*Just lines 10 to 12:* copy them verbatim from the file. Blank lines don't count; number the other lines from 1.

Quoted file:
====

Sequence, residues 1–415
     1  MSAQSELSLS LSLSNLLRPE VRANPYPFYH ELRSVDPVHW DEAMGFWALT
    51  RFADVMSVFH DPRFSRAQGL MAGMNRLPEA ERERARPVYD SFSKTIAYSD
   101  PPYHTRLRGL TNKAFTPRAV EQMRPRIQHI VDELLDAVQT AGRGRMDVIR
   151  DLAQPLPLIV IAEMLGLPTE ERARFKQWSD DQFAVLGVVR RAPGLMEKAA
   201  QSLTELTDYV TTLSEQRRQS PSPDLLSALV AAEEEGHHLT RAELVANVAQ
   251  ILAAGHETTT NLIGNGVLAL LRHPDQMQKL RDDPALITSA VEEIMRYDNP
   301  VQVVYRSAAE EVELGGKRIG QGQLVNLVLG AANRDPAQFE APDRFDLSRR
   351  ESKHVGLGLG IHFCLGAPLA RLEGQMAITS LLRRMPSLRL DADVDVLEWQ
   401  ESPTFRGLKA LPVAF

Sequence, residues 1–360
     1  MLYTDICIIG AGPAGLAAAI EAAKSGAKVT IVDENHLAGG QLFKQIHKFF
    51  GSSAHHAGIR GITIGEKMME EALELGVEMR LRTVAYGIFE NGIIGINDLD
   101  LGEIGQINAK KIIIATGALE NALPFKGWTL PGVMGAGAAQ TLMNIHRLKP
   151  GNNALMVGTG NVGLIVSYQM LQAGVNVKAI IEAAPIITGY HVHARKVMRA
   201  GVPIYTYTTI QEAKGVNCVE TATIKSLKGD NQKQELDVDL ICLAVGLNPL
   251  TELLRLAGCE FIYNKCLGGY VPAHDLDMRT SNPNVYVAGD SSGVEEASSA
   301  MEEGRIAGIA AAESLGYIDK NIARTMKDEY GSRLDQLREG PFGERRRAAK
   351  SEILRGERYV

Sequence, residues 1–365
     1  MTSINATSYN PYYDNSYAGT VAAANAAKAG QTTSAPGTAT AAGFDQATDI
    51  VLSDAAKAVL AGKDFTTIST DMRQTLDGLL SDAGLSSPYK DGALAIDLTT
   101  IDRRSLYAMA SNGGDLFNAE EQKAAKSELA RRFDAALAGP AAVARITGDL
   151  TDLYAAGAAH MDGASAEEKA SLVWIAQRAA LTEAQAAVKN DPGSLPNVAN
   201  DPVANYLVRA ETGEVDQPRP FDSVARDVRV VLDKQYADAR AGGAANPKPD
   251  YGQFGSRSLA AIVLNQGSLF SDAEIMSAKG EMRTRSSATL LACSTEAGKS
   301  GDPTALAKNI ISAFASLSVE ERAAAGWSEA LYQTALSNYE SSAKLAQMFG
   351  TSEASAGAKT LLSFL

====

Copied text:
   401  ESPTFRGLKA LPVAF

Sequence, residues 1–360
     1  MLYTDICIIG AGPAGLAAAI EAAKSGAKVT IVDENHLAGG QLFKQIHKFF